Curvy back: sexy or risky? Is your back curve part of chronic lower back pain – from a physical therapist - Be My Healer
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Curvy back: sexy or risky? Is your back curve part of chronic lower back pain?

curvy back sexy or risky causing chronic lower back pain

I have a typical Asian woman’s body. In other word, not curvy.

Do I admire those women who have more curves, dents and grooves built into their physiques? Of course I do. We all want things we don’t have.

However, as a physical therapist, I know it takes a lot of effort to maintain a healthy lower back curve. And the majority of people may have adapted posture with fixed in anterior pelvic tilt, which makes them look more curvy in the lower back. This adapted posture may exposes your back to some risks of chronic lower back pain and acute lower back injuries.

Lower back stiffness: curve that does not reverse

If you are wondering about whether you have the “risky curve”, you can take a closer look at your lower back curve.

Find a dressing mirror and stand side-ways in front of it.

lumbar lordosis

image source:

Examine your pelvis orientation. Is your pubic bone facing down? (In another word, does your big shinning belt buckle faces down, especially if you are wearing low rise jeans?)

Then, get someone to help you.

Bend forward to touch your toes. Ask your helper to check your lumbar spine (the 2-3 inches of your curviest segment). When you bend all the way, is the lumbar spine rounded up in conformity of the rest of the spine, or it is flat like a tabletop, or did the lower back curve stay stiff and curved down even though the rest of your spine is rounded the opposite way?

stiff lumbar curve stuck in lordosis

Image source: 3d medical education

If your answers to the questions above are:

  • Yes, by pubic bone or belt buckle points down
  • And my friend says my lower back is flat like a tabletop, or stiff and the curve does not reverse

You posture may put you at risk for pain in lower back. Or, you may feel the stiffness in your lower back turning into achiness from time to time. This condition is called the lower body cross syndrome.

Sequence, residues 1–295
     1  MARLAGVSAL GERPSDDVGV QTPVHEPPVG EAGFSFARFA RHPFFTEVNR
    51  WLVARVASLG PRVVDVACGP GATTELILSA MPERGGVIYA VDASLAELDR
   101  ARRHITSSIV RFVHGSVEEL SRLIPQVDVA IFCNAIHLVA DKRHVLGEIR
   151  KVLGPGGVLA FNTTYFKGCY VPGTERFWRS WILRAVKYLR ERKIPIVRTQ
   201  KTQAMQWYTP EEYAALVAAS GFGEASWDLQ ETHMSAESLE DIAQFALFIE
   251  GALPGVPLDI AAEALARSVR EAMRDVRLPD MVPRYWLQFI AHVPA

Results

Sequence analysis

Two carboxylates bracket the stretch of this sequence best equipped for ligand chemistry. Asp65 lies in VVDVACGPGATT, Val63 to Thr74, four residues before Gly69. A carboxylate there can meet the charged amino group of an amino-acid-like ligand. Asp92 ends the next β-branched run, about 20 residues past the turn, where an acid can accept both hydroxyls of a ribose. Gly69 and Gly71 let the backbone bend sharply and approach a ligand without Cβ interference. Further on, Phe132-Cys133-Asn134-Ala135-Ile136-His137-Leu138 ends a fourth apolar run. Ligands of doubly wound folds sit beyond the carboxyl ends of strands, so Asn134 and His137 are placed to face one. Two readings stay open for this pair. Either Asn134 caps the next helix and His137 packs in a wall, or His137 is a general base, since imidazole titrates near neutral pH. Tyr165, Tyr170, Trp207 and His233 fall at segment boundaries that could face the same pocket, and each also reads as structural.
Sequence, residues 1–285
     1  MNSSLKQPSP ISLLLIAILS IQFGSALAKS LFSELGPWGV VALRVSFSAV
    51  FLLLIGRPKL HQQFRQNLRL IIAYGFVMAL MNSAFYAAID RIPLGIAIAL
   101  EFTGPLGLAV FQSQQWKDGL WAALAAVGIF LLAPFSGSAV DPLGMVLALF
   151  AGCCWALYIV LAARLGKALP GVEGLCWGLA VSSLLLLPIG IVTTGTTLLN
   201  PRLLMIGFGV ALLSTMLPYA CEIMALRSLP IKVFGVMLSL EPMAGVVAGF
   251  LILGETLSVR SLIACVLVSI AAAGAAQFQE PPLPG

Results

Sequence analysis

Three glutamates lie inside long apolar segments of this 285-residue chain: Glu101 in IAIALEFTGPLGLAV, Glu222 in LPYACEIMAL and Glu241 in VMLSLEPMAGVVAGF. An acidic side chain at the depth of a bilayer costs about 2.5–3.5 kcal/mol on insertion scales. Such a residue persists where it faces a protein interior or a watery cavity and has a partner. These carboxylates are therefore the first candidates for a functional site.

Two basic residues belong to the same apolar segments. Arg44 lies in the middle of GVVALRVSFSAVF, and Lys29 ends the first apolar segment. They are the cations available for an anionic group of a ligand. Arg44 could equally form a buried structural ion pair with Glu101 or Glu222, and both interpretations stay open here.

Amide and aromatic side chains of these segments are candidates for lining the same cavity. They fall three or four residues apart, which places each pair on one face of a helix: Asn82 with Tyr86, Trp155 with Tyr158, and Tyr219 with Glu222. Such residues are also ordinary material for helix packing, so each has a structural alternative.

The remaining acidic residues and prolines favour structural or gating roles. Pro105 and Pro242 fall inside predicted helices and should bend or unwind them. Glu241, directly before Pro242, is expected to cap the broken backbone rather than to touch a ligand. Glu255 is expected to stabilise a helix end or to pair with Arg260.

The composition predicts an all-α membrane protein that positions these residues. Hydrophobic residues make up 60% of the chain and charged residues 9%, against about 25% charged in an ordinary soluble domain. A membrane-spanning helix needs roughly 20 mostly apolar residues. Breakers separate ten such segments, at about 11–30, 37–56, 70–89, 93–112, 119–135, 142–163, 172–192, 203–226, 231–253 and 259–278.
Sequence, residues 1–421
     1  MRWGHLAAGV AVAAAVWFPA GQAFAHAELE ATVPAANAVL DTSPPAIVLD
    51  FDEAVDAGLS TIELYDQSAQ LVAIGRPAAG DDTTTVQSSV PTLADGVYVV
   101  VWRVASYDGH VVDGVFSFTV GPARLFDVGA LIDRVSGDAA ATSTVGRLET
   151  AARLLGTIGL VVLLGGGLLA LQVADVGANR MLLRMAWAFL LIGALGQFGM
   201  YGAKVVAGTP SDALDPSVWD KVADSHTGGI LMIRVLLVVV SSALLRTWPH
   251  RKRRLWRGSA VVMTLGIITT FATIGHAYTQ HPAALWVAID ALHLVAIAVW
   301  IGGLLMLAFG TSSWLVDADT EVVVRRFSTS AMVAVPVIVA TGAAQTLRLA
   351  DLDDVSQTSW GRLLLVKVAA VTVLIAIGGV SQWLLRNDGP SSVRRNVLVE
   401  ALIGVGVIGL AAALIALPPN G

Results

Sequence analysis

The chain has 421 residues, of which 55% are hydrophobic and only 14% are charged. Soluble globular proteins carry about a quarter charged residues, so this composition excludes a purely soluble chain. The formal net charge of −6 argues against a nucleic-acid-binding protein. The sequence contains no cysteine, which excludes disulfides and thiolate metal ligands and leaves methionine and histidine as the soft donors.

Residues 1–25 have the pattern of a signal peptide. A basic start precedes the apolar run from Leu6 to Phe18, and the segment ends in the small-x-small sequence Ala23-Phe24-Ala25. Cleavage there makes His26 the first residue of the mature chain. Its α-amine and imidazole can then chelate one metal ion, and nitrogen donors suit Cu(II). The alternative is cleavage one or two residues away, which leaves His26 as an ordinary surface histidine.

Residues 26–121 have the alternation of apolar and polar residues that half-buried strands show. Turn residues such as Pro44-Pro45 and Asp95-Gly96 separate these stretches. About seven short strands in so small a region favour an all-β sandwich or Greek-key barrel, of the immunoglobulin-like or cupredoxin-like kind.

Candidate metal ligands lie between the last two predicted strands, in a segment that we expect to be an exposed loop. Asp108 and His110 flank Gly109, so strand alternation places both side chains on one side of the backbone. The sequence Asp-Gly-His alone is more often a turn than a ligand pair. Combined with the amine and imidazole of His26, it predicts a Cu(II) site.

What to do? What to do?

My recommendation is to start with the following stretches and exercises that help reverse the anterior pelvic tilt posture.

You can read more details on the infamous hip flexor muscle and its relationship with lower back. This post also describes two more ways to stretch the iliopsoas muscle.

The iliopsoas stretch, or hip flexor stretch

hip flexor stretch floor
Kneeling Hip Flexor Stretch...
  • If you are stretching the right iliopsoas muscle, kneel with your right knee either on the floor or a knee height surface.
  • Take a large step forward with your left leg and bend your left knee.
  • Straighten up your back in good posture and suck your belly button towards your spine as far as you can.
  • You should now feel a stretch in the front of your right hip anywhere between above hip level to mid-thigh.
  • Hold this stretch for 30 seconds and relax. Then switch to stretch the opposite side.

NOTE: If you experience a pinching pain in your lower back during the stretch, try to pull your belly button in really tight. If the pain is still there, try the stretch in a different position, or try back later after some abdominal muscle strengthening.

Both Knees To Chest (BKTC) Stretch
both knee to chest stretch
Knees to chest stretch...
  • Lay down on a firm surface, facing up.
  • Fold your hips so that your knees are brought up to your chest. Use your hands to hold them there.
  • You should feel a stretch along your spine from your lower back .
  • Hold this stretch for 30 seconds and repeat twice.

If you have shoulder pain or heavy legs, not a problem. You can scoot your bottom up against a wall, and rest your feet on the wall.

Frequency: Stretch 2-5 times per day, as long as you still feel the stretch.

Posterior pelvic tilt exercise
posterior pelvic tilt
  • Lay down on a firm surface, facing up, knees bent and feet comfortably rested on the surface. Try to put your hands underneath the curve of your back and relax.
  • Once in the proper position, pull in your belly button and press your lower back into your hands. At this time, please note to NOT lift your hips, you head or shoulders up. Your buttocks, feet, shoulders and head should all be relaxed.
  • Once you feel the pressure on your hand and the curve in your lower back flattening up, hold the contraction for 10 seconds, and repeat 10 times.

Frequency: Perform this exercise 1-2 times per day, for 1-2 weeks.

Other ways you can address your lower back stiffness is to see a massage therapist or a chiropractor (preferably both) to unlock the extended lumbar spine. If you are already experiencing lower back pain, the best people to see is a physical therapist.

Thank you for reading, and I hope you find this post helpful. 

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